Keith Fleming, an American who lives in Barcelona, was watching TV in his building just off Las Ramblas when he heard a noise and went out to his balcony.
"I saw women and children just running and they looked terrified," he said.
There was a bang, possibly from someone rolling down a store shutter, and more people ran by. Then police arrived and pushed everyone down the street, a full block away. Even people leaning out of doors were being told to go back inside, he said.
He said police are there with their guns drawn and riot police are at the end of his block. He said his street is now deserted.
"It's just kind of a tense situation," Fleming said. "Clearly people were scared."
Cars, trucks and vans have been the weapon of choice in multiple extremist attacks in Europe in the last year.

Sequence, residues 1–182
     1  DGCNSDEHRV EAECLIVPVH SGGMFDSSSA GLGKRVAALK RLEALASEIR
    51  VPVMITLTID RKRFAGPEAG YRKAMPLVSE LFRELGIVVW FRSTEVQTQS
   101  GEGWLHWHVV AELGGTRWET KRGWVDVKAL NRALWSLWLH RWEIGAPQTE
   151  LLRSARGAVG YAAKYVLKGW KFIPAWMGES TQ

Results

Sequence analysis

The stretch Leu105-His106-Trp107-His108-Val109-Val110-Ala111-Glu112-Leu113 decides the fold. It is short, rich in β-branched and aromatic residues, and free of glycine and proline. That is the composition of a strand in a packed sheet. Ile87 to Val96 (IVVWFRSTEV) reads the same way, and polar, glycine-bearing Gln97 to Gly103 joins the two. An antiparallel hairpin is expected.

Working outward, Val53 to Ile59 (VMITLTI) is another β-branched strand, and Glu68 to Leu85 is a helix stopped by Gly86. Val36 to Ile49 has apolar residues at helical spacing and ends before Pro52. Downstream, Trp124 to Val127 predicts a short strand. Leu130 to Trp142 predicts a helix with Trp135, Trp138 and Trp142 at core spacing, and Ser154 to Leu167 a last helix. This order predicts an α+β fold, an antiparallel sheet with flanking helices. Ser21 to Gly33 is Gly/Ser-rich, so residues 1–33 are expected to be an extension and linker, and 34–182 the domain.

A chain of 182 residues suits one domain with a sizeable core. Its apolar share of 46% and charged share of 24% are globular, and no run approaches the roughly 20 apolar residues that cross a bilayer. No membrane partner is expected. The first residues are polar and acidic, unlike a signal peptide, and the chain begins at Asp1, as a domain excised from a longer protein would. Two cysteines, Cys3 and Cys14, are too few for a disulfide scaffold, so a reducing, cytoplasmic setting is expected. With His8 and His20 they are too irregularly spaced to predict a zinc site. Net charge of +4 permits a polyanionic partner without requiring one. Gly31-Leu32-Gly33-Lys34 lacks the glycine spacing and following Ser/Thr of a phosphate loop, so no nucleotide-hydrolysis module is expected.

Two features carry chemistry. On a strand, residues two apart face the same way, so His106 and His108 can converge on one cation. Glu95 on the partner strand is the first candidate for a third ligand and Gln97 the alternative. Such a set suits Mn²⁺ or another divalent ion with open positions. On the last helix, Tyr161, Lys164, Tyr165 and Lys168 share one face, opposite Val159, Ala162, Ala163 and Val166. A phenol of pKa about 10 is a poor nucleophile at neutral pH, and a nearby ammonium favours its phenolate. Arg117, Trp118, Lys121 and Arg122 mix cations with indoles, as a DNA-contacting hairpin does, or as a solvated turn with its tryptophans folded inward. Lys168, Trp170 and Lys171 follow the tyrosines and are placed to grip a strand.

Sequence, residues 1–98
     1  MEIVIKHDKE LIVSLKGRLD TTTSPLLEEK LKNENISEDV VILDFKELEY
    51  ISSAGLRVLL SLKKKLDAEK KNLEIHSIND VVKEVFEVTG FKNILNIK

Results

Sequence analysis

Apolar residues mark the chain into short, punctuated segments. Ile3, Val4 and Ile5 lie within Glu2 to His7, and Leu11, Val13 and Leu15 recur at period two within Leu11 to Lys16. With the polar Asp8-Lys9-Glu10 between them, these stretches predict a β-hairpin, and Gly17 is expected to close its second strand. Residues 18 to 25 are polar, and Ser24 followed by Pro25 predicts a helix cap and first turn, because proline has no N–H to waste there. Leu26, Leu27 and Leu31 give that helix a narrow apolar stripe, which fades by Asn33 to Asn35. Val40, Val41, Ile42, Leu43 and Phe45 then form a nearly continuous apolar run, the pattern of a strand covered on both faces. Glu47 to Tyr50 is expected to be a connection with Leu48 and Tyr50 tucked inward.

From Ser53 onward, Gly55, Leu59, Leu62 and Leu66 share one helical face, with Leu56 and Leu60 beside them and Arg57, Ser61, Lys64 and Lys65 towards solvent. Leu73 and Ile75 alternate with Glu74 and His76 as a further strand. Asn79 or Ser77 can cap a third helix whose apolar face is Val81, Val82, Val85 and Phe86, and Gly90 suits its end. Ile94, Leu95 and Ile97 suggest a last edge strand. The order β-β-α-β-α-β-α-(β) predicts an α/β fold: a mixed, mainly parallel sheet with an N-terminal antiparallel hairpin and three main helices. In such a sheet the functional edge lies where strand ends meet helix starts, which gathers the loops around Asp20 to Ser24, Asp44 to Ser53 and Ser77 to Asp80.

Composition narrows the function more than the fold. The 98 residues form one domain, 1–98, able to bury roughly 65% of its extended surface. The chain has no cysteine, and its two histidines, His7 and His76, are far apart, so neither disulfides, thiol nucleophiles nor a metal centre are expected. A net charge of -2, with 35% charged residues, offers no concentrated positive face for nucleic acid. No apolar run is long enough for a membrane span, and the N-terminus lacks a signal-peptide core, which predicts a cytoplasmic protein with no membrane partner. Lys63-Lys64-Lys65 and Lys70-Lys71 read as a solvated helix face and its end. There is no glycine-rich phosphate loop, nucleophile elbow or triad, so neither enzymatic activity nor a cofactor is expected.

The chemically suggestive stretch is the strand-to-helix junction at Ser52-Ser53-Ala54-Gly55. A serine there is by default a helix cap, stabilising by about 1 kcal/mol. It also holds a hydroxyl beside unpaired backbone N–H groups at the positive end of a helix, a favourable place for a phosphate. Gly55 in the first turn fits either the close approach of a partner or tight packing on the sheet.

The most deadly was the driver of a tractor-trailer who targeted Bastille Day revelers in the southern French city of Nice in July 2016, killing 86 people. In December 2016, 12 people died after a driver used a hijacked trick to drive into a Christmas market in Berlin.
There have been multiple attacks this year in London, where a man in a rented SUV plowed into pedestrians on Westminster Bridge, killing four people before he ran onto the grounds of Parliament and stabbed an unarmed police officer to death in March.
Four other men drove onto the sidewalk of London Bridge, unleashing a rampage with knives that killed eight people in June. Another man also drove into pedestrians leaving a London mosque later in June.
NORTH HERO, Vt. (AP) — A Vermont man has denied charges he sprayed liquid manure on a marked U.S. Customs and Border Protection car after confronting an agent about why he wasn't doing more to arrest people in the country illegally.
Fifty-three-year-old Mark Johnson, of Alburgh, pleaded not guilty Thursday to state charges of disorderly conduct and simple assault of a law enforcement officer with fluids. He declined comment afterward.
The Border Patrol agent said in court documents that Johnson sprayed the car after a profanity-laced tirade Aug. 3 in Alburgh, just south of the Canadian border.